Associate Degrees in Criminal Justice in Nevada
It’s no surprise that the criminal justice industry is an important facet of society in every part of the United States, but in states like Nevada, it is particularly essential. In addition to its millions of residents, Nevada must protect the thousands of tourists that travel to major cities like Reno and Nevada every year.
These cities tend to attract a certain amount of disorderly conduct and even crime, increasing the demand for police officers, emergency responders, and those who can keep suspects safely in custody.
In response to changing criminal justice culture throughout the country, Nevada has proposed a fairly sizable reform bill. This bill would reduce the state’s focus on nonviolent drug offenses and restrict the use of minimum sentencing standards in atypical cases (Review Journal, 2016).
If you’re ready to get involved in this field, a criminal justice associate degree is an option to consider. Find out if it’s the right choice for you by contacting the schools listed below.
Criminal Justice Associate Programs in Nevada
With so many degree options in Nevada, you may wonder why an associate degree can be a good choice. For new students, this degree offers a quick introduction to the world of criminal justice while developing critical thinking skills and general knowledge.
It takes you about halfway to a Bachelor’s degree, providing flexible future options in education and work.
Typical degree completion requirements and tuition rates for earning your AA or AAS in criminal justice in NV can be found below:
- Timeframe: 2 to 3 years
- Credits: 60 to 70 credits
- Average tuition cost per year: $2,805 (College Board, 2016)
While looking into colleges and technical schools in Nevada, don’t forget to consider programs other than criminal justice. Many programs are based in criminal justice but offer more specific instruction in one area of study. Popular options include corrections, law enforcement, probation, investigations, juvenile justice, and community policing.
Course requirements are generally very rigorous, but there may be space in your schedule for elective courses. If an internship is not require in your degree program, you may still want to apply for one. Internships may lead to job openings, career-long professional contacts, and experience that puts you ahead of other job applicants.
Course and internship offerings vary between programs; typical law enforcement courses are listed below:
- Administration of Justice
- Criminal Procedures
- Criminal Law
- Community Relations
- Police in America
- Principles of Police Patrol Techniques
- Introduction to Physical Evidence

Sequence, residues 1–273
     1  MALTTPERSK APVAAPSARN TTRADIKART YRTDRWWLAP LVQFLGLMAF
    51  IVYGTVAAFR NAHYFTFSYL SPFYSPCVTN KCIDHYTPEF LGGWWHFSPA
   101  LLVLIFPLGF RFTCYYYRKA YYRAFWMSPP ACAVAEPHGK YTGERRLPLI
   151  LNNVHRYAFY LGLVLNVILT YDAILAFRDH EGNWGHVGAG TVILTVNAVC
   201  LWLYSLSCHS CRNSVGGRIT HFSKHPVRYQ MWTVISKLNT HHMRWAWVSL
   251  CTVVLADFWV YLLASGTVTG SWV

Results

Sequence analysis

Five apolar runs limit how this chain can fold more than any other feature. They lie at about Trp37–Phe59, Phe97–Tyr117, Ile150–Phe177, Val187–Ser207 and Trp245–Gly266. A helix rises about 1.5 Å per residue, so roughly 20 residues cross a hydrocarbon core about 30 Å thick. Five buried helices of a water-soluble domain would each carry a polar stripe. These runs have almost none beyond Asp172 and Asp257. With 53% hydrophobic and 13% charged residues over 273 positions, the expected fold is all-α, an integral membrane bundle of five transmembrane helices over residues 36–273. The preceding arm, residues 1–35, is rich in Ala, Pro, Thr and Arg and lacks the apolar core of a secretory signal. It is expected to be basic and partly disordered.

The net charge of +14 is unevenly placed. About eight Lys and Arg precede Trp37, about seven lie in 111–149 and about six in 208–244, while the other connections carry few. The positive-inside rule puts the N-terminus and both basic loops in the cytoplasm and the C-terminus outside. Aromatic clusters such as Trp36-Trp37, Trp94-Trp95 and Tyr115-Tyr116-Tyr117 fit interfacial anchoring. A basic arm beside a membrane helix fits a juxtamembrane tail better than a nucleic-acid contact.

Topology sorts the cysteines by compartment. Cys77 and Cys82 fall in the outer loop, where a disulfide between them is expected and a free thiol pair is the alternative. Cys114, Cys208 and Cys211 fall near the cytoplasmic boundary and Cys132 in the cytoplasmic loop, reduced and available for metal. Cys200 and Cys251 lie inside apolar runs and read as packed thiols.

Once you have been accepted to your program of choice, jump right into applying for financial aid. For those earning a criminal justice associate degree, Nevada associations provide a range of scholarship options. The Oakland Police Officers’ Association is a good resource for students who plan on becoming police officers after graduation.
What Can I Do With a Criminal Justice Degree in Nevada?
After you have an associate degree in applied science, you may start applying for Nevada jobs. Depending on the type of education you have and how much practical experience you’ve earned, you may explore options in the community, in the police department, in the courtroom, or in a correctional facility.
Police patrol officers in Nevada bring in an average income of $71,330 per year (Bureau of Labor Statistics, 2016). Job openings in this specialty are expected to increase 5% through 2022 (O*Net, 2016). Bailiffs in Nevada earn, on average, $47,750 per year (BLS, 2016). O*Net predicts a 5% boost in job openings through 2022 (2016).
If you go into the field of animal control, you may work for counties and cities across Nevada. The average salary for a Nevada animal control worker is $49,410 per year (BLS, 2016).
Associate degree in criminal justice jobs may build on your existing education and help you work up as you gain experience. If you eventually decide to earn your Bachelor’s degree, some agencies and employers may offer tuition assistance or reimbursement if you plan on staying with them after graduation.
Getting into the field of criminal justice may put you in a position to keep Nevada streets safe. If you are ready to answer the call, explore our list of Nevada schools below and request information from programs near you.
- New Hampshire
- New Jersey
- New Mexico
- New York
- North Carolina
- North Dakota
- Rhode Island
- South Carolina
- South Dakota
- West Virginia